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Two Of My Officers Captured By Union Pickets





To save delay in getting out of the harbor the following request was
made:


Headquarters, Middle Department,
8th Army Corps,
Baltimore, June 9, 1864.

Capt. Cornell,
Commanding Revenue Cutter,
Baltimore Harbor.

Captain.--I have the honor to request that you permit the
schooner "W. H. Travers" under command of Lieut. Smith, to
pass your vessel without Custom Clearance. She is employed in
the Secret Service Bureau, 8th A.C.

Respy, your most obdt. servt.,
JOHN WOOLLEY,
Lt. Col. and Provost Marshal.




Headquarters, Middle Department,
8th Army Corps.
Baltimore, June 9, 1864.

Special Order No. 76.

Lieut. H. B. Smith with detachment of Secret Service Corps,
will proceed on schooner "W. H. Travers" to such points on
Eastern and Western shore of Maryland, Eastern and Western
shore of Virginia, and Southern and Northern shore of the
Potomac river, as he deems proper and necessary to further the
instructions of the Government.

By command of Major General Wallace,
JOHN WOOLLEY,
Lt. Col. and Provost Marshal.


The chain of war vessels extending along the Potomac under the command
of Commodore Foxhall A. Parker, he having jurisdiction of the waters,
was known as the Potomac flotilla.

When I attempted to approach the Commodore on his flag ship I was, in my
raiment, a sight. The marines viewed me with curiosity. Upon introducing
myself to the Commodore, he laughed. His wife being present, also
enjoyed a laugh at my appearance. No "Johnny" ever looked more
dilapidated. I presented my orders for the Commodore's endorsement.


Headquarters, Cavalry Detachment,
District of St. Mary's.
Leonardtown, Md., June 16, 1864.

Lieut. H. B. Smith,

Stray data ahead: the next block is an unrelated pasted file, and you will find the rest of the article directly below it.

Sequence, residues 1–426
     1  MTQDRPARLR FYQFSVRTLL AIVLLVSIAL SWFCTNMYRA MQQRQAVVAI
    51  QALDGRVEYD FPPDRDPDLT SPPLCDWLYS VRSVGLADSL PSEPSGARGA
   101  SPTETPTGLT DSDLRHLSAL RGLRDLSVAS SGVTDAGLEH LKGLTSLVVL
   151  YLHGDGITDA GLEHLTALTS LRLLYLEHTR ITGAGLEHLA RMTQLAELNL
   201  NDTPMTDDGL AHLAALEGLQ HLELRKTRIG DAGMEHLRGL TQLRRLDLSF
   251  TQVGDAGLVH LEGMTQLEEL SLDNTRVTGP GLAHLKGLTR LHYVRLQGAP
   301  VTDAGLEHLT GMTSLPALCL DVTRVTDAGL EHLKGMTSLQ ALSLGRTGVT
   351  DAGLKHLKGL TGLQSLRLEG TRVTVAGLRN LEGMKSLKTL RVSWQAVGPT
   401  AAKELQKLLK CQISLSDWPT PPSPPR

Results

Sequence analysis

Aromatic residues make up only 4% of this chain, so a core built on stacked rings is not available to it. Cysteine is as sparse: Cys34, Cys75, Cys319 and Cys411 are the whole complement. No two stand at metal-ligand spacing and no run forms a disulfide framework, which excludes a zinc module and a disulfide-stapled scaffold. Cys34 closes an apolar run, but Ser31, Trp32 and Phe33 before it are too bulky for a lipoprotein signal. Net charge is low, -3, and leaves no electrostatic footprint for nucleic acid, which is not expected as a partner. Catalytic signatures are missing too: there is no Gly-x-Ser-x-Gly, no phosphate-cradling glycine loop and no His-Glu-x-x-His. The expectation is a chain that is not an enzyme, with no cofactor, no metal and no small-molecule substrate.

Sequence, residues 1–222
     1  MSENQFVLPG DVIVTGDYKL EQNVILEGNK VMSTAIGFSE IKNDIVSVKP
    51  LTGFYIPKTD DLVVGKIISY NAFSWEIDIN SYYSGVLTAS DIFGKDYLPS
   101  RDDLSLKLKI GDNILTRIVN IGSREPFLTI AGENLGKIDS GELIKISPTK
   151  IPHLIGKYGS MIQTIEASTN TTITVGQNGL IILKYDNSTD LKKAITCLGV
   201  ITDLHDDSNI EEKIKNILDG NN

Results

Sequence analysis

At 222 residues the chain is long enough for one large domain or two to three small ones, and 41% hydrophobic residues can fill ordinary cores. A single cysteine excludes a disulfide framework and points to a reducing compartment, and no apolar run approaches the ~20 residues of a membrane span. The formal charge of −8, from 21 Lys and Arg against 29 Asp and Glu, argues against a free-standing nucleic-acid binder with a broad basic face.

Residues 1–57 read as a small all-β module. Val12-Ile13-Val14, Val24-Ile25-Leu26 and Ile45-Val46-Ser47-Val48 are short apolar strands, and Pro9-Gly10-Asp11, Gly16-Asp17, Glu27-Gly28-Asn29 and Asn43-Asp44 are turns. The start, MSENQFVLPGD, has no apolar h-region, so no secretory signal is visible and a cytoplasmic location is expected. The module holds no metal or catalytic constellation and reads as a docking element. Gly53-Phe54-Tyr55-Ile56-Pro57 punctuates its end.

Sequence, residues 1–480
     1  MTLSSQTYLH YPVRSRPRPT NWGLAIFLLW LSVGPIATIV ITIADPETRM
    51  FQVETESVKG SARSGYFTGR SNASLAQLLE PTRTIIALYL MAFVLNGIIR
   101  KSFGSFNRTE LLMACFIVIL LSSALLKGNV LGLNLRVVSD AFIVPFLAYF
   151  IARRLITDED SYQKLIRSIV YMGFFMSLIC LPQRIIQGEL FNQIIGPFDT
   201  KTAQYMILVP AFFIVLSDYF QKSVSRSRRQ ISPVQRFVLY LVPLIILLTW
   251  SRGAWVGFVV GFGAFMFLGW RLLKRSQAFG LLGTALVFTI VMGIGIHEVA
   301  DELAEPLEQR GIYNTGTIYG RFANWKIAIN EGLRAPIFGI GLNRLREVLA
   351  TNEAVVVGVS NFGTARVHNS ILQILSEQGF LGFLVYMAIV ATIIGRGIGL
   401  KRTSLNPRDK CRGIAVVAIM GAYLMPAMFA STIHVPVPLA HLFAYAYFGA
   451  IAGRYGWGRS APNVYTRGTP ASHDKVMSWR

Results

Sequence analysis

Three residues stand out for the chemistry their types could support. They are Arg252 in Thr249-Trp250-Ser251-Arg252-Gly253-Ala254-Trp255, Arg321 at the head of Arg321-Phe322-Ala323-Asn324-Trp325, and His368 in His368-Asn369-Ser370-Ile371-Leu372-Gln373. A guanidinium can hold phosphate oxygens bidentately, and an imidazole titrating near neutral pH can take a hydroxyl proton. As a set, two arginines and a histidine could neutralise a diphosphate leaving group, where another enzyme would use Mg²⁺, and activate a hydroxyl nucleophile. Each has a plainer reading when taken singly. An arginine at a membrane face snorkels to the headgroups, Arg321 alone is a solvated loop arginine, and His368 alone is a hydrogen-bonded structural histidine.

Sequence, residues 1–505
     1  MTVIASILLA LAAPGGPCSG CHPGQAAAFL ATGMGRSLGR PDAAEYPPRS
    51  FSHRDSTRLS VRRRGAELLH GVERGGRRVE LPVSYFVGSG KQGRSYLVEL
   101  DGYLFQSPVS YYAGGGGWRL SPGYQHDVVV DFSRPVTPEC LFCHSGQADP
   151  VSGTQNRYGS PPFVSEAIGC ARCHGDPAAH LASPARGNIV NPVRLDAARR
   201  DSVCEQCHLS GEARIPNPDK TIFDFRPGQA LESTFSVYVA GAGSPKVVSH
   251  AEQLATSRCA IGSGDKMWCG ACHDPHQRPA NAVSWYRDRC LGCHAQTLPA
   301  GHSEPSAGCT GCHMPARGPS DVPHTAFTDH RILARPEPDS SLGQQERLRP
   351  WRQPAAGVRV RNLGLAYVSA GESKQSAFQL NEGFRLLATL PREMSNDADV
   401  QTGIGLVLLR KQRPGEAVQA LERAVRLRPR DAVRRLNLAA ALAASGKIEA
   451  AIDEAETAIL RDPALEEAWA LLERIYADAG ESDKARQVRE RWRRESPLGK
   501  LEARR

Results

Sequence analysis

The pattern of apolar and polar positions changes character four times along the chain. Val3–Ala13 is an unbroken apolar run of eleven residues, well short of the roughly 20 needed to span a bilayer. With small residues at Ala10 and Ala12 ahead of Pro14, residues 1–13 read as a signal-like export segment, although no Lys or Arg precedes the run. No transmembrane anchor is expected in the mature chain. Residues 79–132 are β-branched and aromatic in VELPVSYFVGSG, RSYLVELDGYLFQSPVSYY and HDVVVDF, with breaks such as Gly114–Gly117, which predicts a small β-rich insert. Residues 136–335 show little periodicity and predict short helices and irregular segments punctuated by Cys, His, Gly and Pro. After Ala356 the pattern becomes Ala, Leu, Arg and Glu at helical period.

Chief Detective on board
schooner "W. H. Travers."

Some of my scouts last night arrested two men in a boat at the
head of Britton's Bay, who claim to be Government detectives,
and under your charge. If such is the case I desire that you
will in some manner identify them, as they have nothing with
them which would lead me to suppose them to be such.

These men give their names as John Gillock, and J. W. Lewis.

I shall hold these men in confinement until I am fully
satisfied of the truth of their statements.

I am, Sir, very respy, yours, &c.,
F. W. DICKERSON,
Lt. Comdg.


These were our boys and they were set at liberty of course. The
Lieutenant was doing perfectly right, as our appearance and conduct was
suspicious. Our plans always were to appear to be blockade-runners, so
we never carried on our persons any evidence of our true character. We
carried forged Confederate documents when we were going where it was
desirable. We could imitate General Winder's signature to passes,
defying detection, and we had the same kind of paper, a light brown.
The Confederate Government had poor stationery.


Headquarters, Middle Department,
8th Army Corps.
Baltimore, June 23, 1864.

Col. Woolley,
Provost Marshal.

Colonel.--I have the honor to report the following on the trip